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Does the solution of the Schrodinger equation always have to be normalizable? By normalizable I mean, given a wavefunction $\psi(x)$

$$\int_{-\infty}^{\infty}|\psi(x)|^2 dx<\infty \qquad \text{or}\qquad \int_{0}^{\infty}|\psi(x)|^2 dx <\infty$$

What would be the physical implications if one (or both) of those integrals diverges. From the viewpoint that the Copenhagen interpretation is one of the most popular and the wave function is interpretated as a probability distribution in this case; will the wavefunction diverging be valid for any other interpretation of quantum mechanics. Does anyone know any wavefunctions which are not normalizable? What if there was a singularity at 0 that made it diverge at all times. For instance

$$\int_{0}^{\infty}|\psi(x)|^2 dx \to\infty\quad \text{but}\quad \int_{a}^{\infty}|\psi(x)|^2 dx <\infty $$

where $a>0.$ Would the second integral count as a valid pdf?

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    $\begingroup$ Momentum eigenstates are non-normalizable in the position state space. $\endgroup$ – resgh Apr 7 '14 at 5:56
  • $\begingroup$ @namehere, what does it mean "momentum eigenstates are non-normalizable" $\endgroup$ – user37343 Apr 7 '14 at 22:26
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From my limited knowledge of this subject, I would say that a non-normalizable wave-function wouldn't really make any physical sense.

Remember, the wave-function is a function whose value squared evaluated between two points represents the probability that the particle will be found between those two points. So, the restriction that wave functions be normalized is basically just a nod to reality - the particle must be found SOMEWHERE.

Normally, the restriction is: $$ \int_{-\infty}^ {\infty} |\psi(x)|^{2} dx = 1, $$ i.e. the probability of finding the particle if you looked between $-\infty$ and $\infty$ is 1. Having a probability greater than one of finding the particle between these bounds would not make any physical sense.

Having a wave-function described by the equations you posted above would imply that there is an infinite chance of finding the particle anywhere.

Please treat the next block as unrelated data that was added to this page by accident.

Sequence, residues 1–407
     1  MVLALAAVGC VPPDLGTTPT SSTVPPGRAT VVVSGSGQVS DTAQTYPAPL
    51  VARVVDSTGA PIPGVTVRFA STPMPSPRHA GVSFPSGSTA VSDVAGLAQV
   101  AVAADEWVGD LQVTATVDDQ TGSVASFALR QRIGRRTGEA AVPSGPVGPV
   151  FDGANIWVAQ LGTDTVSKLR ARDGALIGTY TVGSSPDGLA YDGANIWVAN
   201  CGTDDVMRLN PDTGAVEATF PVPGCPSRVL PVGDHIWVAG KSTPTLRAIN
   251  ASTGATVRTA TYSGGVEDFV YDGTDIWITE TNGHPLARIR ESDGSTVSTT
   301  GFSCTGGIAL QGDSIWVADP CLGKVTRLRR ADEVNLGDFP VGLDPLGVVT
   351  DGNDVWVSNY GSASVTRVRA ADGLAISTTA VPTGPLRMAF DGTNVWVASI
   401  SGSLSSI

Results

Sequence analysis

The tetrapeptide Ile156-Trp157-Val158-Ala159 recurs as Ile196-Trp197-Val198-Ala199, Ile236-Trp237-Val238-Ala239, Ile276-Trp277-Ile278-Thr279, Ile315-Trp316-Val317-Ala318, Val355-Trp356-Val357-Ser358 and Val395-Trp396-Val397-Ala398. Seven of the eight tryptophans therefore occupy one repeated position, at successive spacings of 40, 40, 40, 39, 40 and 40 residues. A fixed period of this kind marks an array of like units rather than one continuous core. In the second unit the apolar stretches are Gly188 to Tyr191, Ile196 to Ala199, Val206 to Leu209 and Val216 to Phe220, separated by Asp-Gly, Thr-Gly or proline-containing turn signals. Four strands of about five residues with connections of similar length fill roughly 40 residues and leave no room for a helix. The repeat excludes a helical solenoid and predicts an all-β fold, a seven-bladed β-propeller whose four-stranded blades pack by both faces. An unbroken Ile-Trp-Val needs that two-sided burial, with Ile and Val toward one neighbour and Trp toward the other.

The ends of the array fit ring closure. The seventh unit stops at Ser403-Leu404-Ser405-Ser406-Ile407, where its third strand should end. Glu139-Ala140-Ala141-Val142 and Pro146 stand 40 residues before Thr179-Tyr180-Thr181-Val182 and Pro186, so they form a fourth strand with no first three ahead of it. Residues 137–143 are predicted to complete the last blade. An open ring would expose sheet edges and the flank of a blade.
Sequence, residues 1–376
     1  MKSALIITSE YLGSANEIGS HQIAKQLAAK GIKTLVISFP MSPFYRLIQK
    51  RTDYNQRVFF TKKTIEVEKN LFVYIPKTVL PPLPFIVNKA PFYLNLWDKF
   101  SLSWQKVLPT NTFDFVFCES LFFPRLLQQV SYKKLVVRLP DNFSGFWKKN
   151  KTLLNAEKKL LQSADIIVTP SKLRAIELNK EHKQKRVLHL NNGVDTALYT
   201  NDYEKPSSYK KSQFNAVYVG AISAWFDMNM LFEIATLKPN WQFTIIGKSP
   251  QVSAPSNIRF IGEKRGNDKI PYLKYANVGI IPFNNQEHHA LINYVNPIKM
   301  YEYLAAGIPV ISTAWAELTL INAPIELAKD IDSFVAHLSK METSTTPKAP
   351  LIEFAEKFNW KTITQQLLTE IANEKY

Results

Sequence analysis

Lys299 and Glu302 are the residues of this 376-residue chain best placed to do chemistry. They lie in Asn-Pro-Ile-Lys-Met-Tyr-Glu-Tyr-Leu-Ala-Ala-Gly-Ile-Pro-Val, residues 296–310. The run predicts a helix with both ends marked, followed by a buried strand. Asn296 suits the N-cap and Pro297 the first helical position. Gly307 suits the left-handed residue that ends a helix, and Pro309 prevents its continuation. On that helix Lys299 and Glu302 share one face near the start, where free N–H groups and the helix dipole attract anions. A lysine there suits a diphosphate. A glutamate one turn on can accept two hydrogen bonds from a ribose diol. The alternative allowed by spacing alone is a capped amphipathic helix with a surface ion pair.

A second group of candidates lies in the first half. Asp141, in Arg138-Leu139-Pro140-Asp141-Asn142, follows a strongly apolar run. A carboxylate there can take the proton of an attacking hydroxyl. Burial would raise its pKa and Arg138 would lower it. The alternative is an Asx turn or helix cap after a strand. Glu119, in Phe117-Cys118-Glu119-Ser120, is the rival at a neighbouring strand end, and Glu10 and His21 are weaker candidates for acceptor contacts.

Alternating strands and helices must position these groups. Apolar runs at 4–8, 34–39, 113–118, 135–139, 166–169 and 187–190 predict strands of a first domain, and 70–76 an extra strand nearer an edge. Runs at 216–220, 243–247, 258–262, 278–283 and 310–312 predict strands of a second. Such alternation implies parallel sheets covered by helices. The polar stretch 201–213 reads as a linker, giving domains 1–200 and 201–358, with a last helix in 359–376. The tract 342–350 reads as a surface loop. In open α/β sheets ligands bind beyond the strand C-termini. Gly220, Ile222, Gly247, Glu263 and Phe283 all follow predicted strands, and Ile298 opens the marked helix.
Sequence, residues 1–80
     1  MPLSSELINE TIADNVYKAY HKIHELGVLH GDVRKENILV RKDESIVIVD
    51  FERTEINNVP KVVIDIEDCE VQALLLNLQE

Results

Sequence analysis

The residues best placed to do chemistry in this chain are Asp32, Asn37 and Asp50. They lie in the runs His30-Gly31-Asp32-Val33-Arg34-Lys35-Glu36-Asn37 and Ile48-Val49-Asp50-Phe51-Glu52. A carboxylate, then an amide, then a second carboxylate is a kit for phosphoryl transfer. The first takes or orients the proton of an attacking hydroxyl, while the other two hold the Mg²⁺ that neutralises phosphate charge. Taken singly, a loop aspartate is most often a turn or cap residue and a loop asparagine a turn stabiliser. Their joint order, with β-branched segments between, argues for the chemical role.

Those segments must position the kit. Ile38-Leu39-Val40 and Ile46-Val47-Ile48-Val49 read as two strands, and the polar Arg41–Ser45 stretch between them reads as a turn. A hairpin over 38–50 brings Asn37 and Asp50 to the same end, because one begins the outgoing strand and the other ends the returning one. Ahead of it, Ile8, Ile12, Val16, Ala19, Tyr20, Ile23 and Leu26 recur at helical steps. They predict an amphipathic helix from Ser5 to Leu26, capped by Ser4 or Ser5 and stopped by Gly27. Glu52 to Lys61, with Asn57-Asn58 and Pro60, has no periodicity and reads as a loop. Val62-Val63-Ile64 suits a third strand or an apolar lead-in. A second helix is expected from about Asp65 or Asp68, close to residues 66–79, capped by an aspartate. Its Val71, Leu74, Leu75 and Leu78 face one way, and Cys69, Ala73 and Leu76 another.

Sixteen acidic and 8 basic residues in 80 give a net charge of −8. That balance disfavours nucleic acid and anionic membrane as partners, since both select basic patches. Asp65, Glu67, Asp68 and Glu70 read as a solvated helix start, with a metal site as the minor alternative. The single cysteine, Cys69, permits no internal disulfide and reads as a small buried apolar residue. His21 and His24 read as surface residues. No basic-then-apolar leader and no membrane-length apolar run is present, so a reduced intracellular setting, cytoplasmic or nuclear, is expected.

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  • $\begingroup$ I think your explanation is sane. We impose maximal probability to be unity.Thence make adjustments that follow from there. Here we use mod-squared as per restrictions from the 2-norm. I think this is the essence. $\endgroup$ – user37343 Apr 7 '14 at 22:29
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The wavefunction must be either normalizable or the limit of a sequence of normalizable functions which in general are known as distributions (generalizations of functions). A well known example of a distribution is the Dirac delta "function," $\delta(x)$. If the spatial wavefunction is $\psi=\delta(x_0)$, then the momentum wavefunction will be of the form $\psi\propto e^{-ipx_0},$ which is not strictly normalizable. The opposite example is $\psi(p)=\delta(k)$ which are infinite plane waves with spatial wavefunctions of the form $\psi\propto e^{ikx}.$

The way we deal with this mathematically is assume such states are normalizable i.e. $$\int |e^{ikx}|^2dx=\int dx\equiv 1,$$ even though this integral is divergent. The physical solution is the fact that 'infinite plane-waves' are never actually physically infinite.

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  • $\begingroup$ The actual way we deal with plane waves is by constructing wave packets. Basically, we assume $$e^{i(kx-\frac{\hbar k^2}{2m}t)}$$ are valid solutions (for every $k$) and then go on saying: well, then the general solution is a linear combination of these. $$\Psi \propto \int_{-\infty}^{\infty}{dk\phi(k)e^{i(kx-\frac{\hbar k^2}{2m}t)}}$$ If we choose the $\phi(k)$ right, this function is normalizable. Of course in reality the plane wave is an idealization like the frictionless surface, so unusual behaviour is not entirely unexpected. $\endgroup$ – Wouter Apr 9 '14 at 8:33
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yes, good example will be solution of free particle.Where solution is like a plane wave solution hence such sols do not represent physically accepted states.this is the reason why any problem related to free particle should have a initial wave function which can be normalized other wise we cannot proceed further.

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